SUM Insurance creates one-stop-construction-shop for brokers

Broad in-house capabilities, united product lines help keep pace with robust sector

SUM Insurance creates one-stop-construction-shop for brokers

Construction & Engineering

By Mallory Hendry

This article was produced in partnership with SUM Insurance.

Mallory Hendry, of Insurance Business, sat down with the team to dive into how SUM is meeting the needs of the construction sector not just with great products, but with a much-needed flexible approach.

Both brokers and insureds need insurance partners who speak their language, are sensitive to the volatile environment they’re working in, and can provide the deep expertise and flexible approach required to tackle ever-changing conditions. In a hard market where there’s a lack of underwriting capacity, appetite, and service, SUM Insurance is stepping up to do things differently.

“The insurance industry can’t afford to continue to be conservative with this class,” said Jeff Somerville, managing director of SUM Insurance. “The construction sector needs more, not less, insurance going forward, presenting an unprecedented opportunity to us.”

A national MGA, SUM offers a suite of coverages for construction insurance needs – wrap-up liability, course of construction (builder’s risk), and project specific EIL covers – but the trajectory of the robust sector drove SUM’s interest in addressing it more fully. Despite the headwinds of inflation and rising interest rates, SUM’s research indicates construction is forecasted to bring $127 billion to the Canadian economy by 2025, up from $80 billion in 2020. SUM seized the opportunity to broaden in-house capabilities, unite various product lines, and promote a one-stop-shop to brokers servicing this segment.

Bringing 15 years’ experience in the construction space, Annick DeChamplain recently came aboard as national construction lead and senior GL underwriter. She developed the casualty construction portion of the MGA’s enhanced product offering, earlier this year obtaining broader in-house authority and capacity for wrap-up liability.

“We provide value by harnessing our in-house underwriting expertise and competency in the market to the insurance capacity we have assembled for our new product offering,” DeChampain said, adding brokers are looking for a responsive approach from experienced people who can provide insight on what to expect or what the terms and conditions should be.

“When brokers call, they’re talking to a person who is able to provide turnaround almost the same day. That’s something that really makes a difference in the industry and sets us apart from others in the marketplace.”

Bob Bousfield, vice president and property practice leader, said there’s not much he hasn’t seen after more than three decades in insurance, but the current market is especially challenging. Some are withdrawing or restricting what they offer when it comes to builder’s risk, including a competitor’s hard stop at 24 months with no extensions offered. SUM avoids disappointment, Bousfield said, with a builder’s risk product featuring five standard extensions: testing, soft costs, delayed start up, transit, and off-site.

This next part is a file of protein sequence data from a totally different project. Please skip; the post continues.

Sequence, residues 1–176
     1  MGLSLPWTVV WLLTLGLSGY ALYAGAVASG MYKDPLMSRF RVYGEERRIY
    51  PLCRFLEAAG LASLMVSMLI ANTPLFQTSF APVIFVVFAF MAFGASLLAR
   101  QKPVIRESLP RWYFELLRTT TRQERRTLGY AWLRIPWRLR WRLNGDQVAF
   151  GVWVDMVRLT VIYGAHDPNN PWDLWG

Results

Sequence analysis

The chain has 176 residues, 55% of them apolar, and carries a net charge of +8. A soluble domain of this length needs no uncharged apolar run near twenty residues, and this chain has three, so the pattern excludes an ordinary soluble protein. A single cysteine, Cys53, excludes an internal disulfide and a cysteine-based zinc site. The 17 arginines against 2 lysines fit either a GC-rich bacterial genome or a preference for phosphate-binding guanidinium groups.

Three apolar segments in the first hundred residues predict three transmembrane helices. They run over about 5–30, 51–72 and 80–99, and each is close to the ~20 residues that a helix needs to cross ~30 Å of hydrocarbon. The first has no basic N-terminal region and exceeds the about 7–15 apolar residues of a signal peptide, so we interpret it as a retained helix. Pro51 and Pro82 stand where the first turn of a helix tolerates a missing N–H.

“People living in the real world know it’s hard to get drywall, or cement guys, or electricians, and know that these 18-month projects end up getting pushed and pushed and pushed,” Bousfield said. “We offer common-sense solutions because we understand the construction manager is pulling their hair out already. One of our fortes is we can think, and, if something doesn’t fit in one box, we’re willing to try others.”

Brian Tompkins, senior underwriter in SUM’s commercial general liability practice, also sees the hard market giving rise to a lot of insurance providers who are “very much writing a product conducive to what their own aims are but that aren’t effective in working with what contractors realistically deal with in their day-to-day.”

“We provide certainty that we can accommodate a lot of these requests as opposed to concern that the policy they just took out isn’t actually going to be effective,” Tompkins said, pointing to SUM’s advantage with their London placed casualty products which provides things like sudden and accidental pollution coverage on most construction risks, no aggregate limit, and easy insurance certificate/waiver of subrogation servicing.

“We adapt to the reality of the risk being presented rather than remain handcuffed to the often out-of-touch terms and conditions that some of the market sticks to.”

From renovations to remote locations to large residential projects, whether it’s an overlooked requirement – such as emergency repair work on a hydroelectric dam that needed wrap-up on an 11th-hour basis – or unique, one-off projects – for example, the installation of an MRI machine that involved cutting a hole in the hospital floor – SUM doesn’t shy away from the tough, the unusual, or the time sensitive.

And for Tompkins, that willingness to make it work is key in combatting the uncertainty of the current environment. SUM “assists with the unexpected from many different angles because we’re a broad authority who can action things as we need to as opposed to subscribing to a rigid system that would further turn off the construction industry with the way the insurance providers treat them.”

“One of our core missions is to work collaboratively: we treat the process like a partnership,” said Tompkins. “We’re here to build long-term, effective business relationships by sourcing required insurance capacity and leveraging our underwriting acumen to keep the equation running smoothly.”

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